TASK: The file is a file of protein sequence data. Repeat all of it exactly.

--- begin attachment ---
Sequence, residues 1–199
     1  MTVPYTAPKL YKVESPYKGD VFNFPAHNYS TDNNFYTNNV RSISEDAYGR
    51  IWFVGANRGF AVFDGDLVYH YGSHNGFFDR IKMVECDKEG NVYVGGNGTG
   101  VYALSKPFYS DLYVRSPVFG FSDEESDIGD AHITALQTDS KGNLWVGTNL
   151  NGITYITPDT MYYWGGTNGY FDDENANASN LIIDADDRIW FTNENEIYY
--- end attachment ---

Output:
Sequence, residues 1–199
     1  MTVPYTAPKL YKVESPYKGD VFNFPAHNYS TDNNFYTNNV RSISEDAYGR
    51  IWFVGANRGF AVFDGDLVYH YGSHNGFFDR IKMVECDKEG NVYVGGNGTG
   101  VYALSKPFYS DLYVRSPVFG FSDEESDIGD AHITALQTDS KGNLWVGTNL
   151  NGITYITPDT MYYWGGTNGY FDDENANASN LIIDADDRIW FTNENEIYY